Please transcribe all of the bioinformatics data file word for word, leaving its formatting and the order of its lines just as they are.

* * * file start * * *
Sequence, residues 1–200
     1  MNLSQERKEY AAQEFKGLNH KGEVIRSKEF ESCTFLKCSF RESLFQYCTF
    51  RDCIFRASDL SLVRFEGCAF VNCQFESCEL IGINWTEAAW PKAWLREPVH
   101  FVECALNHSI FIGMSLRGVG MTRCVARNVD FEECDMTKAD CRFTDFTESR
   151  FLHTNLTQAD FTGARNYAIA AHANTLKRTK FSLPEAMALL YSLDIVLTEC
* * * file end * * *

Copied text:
Sequence, residues 1–200
     1  MNLSQERKEY AAQEFKGLNH KGEVIRSKEF ESCTFLKCSF RESLFQYCTF
    51  RDCIFRASDL SLVRFEGCAF VNCQFESCEL IGINWTEAAW PKAWLREPVH
   101  FVECALNHSI FIGMSLRGVG MTRCVARNVD FEECDMTKAD CRFTDFTESR
   151  FLHTNLTQAD FTGARNYAIA AHANTLKRTK FSLPEAMALL YSLDIVLTEC